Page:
In Diaries of a Spaceport Janitor, you play as an ‘Alaensee Girlbeast’, the Janitor to which the title refers. Initially, you are tasked with traversing the spaceport, picking up junk and incinerating it, in order to get paid.
“I spent the majority of this game not having any idea of what’s actually going on”
The game is very overwhelming when starting out. The sounds of a bustling spaceport, coupled with not knowing what the hell is going on is somewhat amplified by the lack of a map or clear direction as to where to go.
The only objective is to survive each day, giving you the option to monotonously collect trash whilst exploring the maze-like environment, eating questionable snacks and occasionally changing gender. I spent the majority of this game not having any idea of what’s actually going on, and I still don’t feel qualified to explain half of the weird and wonderful things you will find.
“You can’t remember where you’ve been or even know where you are half of the time”
The “tutorial” consists of dipping into a dungeon, with the only prerequisite being to consume an eye, a somewhat menial task considering the eye sales-creature stands but a few feet from the door. With the eye consumed you delve into a completely psychedelic experience, for which your reward is a cursed skull orbiting your head, occasionally growling at you and lowering your luck.
Quest markers are only present when the character is located in the area to which the quest relates, which, given the lack of a map, leaves a lot of frustration finding what exactly you should be doing. And that’s assuming when you ask the person for help, they actually give you a straight answer, because you can’t rely on your quest list for help, giving the most basic instruction as to what to do.
The difficulty of the quests is somewhat amplified by the fact that you can’t remember where you’ve been or even know where you are half of the time, especially when starting out.
“The game was meant to press into the issues of gender identity by giving the protagonist the ability to change her gender on demand, however, I cannot help but feel that this was somewhat of an afterthought when creating this game”
The game was meant to press into the issues of gender identity by giving the protagonist the ability to change her gender on demand, however, I cannot help but feel that this was somewhat of an afterthought when creating this game.
Every so often your screen goes blurry and starts drifting left to right, warning the player that a ‘gender shift’ is required, with the solution being to approach a gender kiosk and simply buy a new gender. No matter what gender you pick, you always ‘feel amazing!’ afterwards, with no discernable gameplay changes taking effect.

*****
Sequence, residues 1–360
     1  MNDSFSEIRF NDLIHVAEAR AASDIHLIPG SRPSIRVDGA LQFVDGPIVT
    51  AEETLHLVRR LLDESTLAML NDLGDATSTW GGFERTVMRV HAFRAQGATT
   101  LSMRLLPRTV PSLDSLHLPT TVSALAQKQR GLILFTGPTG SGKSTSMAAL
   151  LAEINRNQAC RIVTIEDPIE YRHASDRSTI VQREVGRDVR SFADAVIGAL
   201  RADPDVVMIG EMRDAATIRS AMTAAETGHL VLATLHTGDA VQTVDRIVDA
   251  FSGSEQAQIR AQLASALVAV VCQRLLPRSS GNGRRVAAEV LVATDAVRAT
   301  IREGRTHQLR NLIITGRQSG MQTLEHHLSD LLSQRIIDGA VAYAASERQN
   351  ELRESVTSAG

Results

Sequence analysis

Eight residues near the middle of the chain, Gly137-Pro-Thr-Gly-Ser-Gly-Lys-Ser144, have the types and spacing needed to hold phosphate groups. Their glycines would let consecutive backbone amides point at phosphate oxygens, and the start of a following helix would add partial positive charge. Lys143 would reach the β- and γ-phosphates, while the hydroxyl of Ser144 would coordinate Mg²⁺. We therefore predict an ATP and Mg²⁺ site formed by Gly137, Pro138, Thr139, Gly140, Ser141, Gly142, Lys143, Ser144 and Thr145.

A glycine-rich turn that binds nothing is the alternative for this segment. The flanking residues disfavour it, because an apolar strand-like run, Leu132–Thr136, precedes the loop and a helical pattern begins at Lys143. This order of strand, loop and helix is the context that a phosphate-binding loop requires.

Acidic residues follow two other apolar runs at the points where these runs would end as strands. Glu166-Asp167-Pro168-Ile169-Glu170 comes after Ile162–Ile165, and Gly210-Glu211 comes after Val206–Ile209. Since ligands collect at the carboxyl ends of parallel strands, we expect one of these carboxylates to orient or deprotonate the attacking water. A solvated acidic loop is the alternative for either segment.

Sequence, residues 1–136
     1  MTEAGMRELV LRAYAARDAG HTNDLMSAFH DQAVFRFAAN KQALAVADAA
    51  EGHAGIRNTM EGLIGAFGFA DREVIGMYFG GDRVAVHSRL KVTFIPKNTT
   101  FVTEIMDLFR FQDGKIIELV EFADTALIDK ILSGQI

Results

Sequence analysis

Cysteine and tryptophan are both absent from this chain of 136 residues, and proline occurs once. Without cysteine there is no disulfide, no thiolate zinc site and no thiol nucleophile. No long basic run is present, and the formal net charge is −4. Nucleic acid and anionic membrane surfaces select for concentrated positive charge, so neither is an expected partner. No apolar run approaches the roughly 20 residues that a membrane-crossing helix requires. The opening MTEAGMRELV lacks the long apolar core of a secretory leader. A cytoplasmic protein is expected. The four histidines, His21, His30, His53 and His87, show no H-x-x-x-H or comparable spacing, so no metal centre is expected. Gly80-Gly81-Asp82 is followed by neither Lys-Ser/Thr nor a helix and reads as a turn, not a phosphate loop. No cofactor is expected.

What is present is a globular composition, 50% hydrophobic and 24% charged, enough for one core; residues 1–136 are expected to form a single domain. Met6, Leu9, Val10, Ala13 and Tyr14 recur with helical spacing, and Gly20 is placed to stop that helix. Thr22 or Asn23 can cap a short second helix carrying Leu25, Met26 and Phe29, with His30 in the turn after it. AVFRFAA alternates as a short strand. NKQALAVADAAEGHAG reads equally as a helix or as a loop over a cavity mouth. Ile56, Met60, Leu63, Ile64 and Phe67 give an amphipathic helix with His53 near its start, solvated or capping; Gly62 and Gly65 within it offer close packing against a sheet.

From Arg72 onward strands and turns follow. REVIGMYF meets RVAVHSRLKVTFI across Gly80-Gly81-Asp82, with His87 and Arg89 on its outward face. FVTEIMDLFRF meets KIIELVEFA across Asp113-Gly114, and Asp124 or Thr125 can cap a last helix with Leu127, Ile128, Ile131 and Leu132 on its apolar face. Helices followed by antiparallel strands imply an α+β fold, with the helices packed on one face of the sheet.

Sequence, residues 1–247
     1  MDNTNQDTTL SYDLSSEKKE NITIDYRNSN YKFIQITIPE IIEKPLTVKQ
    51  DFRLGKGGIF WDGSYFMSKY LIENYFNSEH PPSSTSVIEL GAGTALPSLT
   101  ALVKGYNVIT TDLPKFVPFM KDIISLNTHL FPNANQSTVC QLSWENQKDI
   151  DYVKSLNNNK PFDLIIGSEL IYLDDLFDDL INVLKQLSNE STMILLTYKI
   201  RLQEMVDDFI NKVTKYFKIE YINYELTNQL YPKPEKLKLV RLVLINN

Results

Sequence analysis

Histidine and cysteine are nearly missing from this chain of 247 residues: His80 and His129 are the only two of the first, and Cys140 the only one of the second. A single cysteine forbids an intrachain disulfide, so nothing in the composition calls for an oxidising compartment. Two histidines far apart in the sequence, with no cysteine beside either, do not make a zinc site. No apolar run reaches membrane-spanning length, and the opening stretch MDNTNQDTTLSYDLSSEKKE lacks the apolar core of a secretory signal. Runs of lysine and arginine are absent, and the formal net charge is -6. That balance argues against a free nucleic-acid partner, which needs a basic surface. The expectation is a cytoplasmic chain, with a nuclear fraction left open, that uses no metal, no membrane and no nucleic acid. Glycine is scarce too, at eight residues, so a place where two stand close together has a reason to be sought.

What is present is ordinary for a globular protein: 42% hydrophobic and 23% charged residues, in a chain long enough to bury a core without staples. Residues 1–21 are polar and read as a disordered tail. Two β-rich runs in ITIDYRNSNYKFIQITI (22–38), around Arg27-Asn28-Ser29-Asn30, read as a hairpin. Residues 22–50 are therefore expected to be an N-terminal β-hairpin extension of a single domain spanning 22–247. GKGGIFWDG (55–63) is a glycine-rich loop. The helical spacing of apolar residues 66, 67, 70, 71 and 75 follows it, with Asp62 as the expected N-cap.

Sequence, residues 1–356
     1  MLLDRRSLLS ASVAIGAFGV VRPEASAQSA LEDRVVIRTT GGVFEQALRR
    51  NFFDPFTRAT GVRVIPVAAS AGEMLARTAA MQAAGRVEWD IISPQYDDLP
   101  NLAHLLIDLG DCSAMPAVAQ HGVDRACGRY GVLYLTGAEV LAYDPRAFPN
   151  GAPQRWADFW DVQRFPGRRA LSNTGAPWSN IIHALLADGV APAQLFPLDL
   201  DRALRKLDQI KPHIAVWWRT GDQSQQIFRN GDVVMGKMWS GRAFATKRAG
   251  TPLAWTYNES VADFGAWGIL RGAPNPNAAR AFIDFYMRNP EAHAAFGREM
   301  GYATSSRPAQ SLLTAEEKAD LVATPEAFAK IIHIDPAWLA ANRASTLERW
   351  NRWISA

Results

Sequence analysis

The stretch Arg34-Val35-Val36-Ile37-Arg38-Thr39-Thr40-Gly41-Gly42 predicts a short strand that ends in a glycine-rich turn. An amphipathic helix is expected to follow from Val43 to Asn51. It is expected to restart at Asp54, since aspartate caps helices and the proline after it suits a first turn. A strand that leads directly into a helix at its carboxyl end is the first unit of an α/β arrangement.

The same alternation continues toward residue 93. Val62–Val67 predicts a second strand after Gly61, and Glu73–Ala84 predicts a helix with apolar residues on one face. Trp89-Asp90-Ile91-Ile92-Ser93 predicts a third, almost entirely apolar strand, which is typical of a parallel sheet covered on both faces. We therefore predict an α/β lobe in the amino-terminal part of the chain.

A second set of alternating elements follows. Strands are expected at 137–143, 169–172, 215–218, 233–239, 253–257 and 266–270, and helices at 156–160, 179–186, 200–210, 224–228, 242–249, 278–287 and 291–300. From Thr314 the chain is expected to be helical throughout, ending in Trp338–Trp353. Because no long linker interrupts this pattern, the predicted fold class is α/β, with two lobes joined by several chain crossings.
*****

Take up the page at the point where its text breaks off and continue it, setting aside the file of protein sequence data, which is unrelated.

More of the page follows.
It simply feels like a second hunger bar ; you get hungry, you eat, you’re not hungry anymore. Your screen goes blurry, you gender shift, your screen goes back to normal. Rinse and repeat.
“No matter what gender you pick, you always ‘feel amazing!’”
In my opinion, the UI (user interface) is not very polished. The fact that if you pick something to look at in your bag and back out of the menu means that you drop the item infuriates me quite a lot. It is built for playing with a controller, but even with it, it feels clunky at times.
Overall, despite my frustrations and nit-picking, I actually started to enjoy playing once I began to recognise and come to grips with the spaceport. The bustling atmosphere and quirky music mean that you can just wander around aimlessly and not get bored – provided you make a beeline to every pile of trash you see on the ground. As you do this you learn that pretty much everything you find on the floor can be taken to one of the vendors located around the city, and sold for a higher price than you would have got for incinerating (with the exception of vomit, who buys vomit?).
“You can just wander around aimlessly and not get bored – provided you make a beeline to every pile of trash you see on the ground”
Not only this, but the culture embedded into the game is amazing. The environmental artwork is absolutely captivating, which when added to the bustling spaceport life results in a completely immersive feel.
“The environmental artwork is absolutely captivating”
At the end of the day, however, the game has an immensely repetitive value, which grows quite tedious with time. I’m all for a grind-fest, provided I feel like I’m actually getting somewhere, and this game, unfortunately, feels like you’re going nowhere slowly.
It’s fine to work towards gaining something new, but all you gain by losing the skull is a return to the person you were at the start of the game. And that’s provided that you can actually earn enough each day with the ridiculous luck penalty that the skull brings with it.
Diaries of a Spaceport Janitor is available to purchase on steam for £6.99.
Anthony ‘Conscience’ Osmaston